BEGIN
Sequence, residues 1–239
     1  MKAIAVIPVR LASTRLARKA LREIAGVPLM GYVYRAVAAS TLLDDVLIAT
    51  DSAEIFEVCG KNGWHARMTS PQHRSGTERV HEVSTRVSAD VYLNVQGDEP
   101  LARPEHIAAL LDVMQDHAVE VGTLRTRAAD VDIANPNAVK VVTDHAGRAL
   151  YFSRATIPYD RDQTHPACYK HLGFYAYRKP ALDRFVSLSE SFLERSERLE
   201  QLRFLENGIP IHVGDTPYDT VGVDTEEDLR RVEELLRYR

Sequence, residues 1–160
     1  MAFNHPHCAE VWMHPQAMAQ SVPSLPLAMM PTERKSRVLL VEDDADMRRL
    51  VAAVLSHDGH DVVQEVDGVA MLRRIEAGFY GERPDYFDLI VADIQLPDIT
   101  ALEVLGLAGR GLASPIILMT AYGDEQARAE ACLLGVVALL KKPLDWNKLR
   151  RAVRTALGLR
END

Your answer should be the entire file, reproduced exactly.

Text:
Sequence, residues 1–239
     1  MKAIAVIPVR LASTRLARKA LREIAGVPLM GYVYRAVAAS TLLDDVLIAT
    51  DSAEIFEVCG KNGWHARMTS PQHRSGTERV HEVSTRVSAD VYLNVQGDEP
   101  LARPEHIAAL LDVMQDHAVE VGTLRTRAAD VDIANPNAVK VVTDHAGRAL
   151  YFSRATIPYD RDQTHPACYK HLGFYAYRKP ALDRFVSLSE SFLERSERLE
   201  QLRFLENGIP IHVGDTPYDT VGVDTEEDLR RVEELLRYR

Sequence, residues 1–160
     1  MAFNHPHCAE VWMHPQAMAQ SVPSLPLAMM PTERKSRVLL VEDDADMRRL
    51  VAAVLSHDGH DVVQEVDGVA MLRRIEAGFY GERPDYFDLI VADIQLPDIT
   101  ALEVLGLAGR GLASPIILMT AYGDEQARAE ACLLGVVALL KKPLDWNKLR
   151  RAVRTALGLR